Response perseveration, inhibitory control, and central dopaminergic activity in childhood behavior disorders
Date of Award
Doctor of Philosophy (Ph.D.)
First Committee Member
Herbert C. Quay, Committee Chair
Students ($N$ = 710) in grades 4 through 6 at two public elementary schools were screened for behavior problems using the Revised Behavior Problem Checklist. Five groups of children were identified: Conduct Disorder ($n$ = 8), Attention Deficit Disorder ($n$ = 9), Conduct Disorder plus Attention Deficit Disorder with Hyperactivity ($n$ = 11), Anxiety-Withdrawal ($n$ = 12), and normal control ($n$ = 15). A response perseveration task (Daugherty & Quay, 1989), an inhibitory control task (Schachar & Logan, 1988), and a noninvasive measure of dopaminergic activity (Karson, 1983) were administered to selected students, and group differences were predicted based on Quay's (1988a, 1988b, 1988c) hypotheses as derived from Gray's (1987) theory of brain function. Hypothesized group differences were not found, although exploratory analyses revealed some relationships which are consistent with the hypotheses.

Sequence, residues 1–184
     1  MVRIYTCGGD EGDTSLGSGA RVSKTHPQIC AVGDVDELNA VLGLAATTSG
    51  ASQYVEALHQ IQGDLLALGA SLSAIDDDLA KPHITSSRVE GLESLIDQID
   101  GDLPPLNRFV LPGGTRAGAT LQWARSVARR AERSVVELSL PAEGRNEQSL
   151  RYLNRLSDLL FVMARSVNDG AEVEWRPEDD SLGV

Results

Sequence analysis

Daugherty, Timothy Kenneth, "Response perseveration, inhibitory control, and central dopaminergic activity in childhood behavior disorders" (1991). Dissertations from ProQuest. 2952.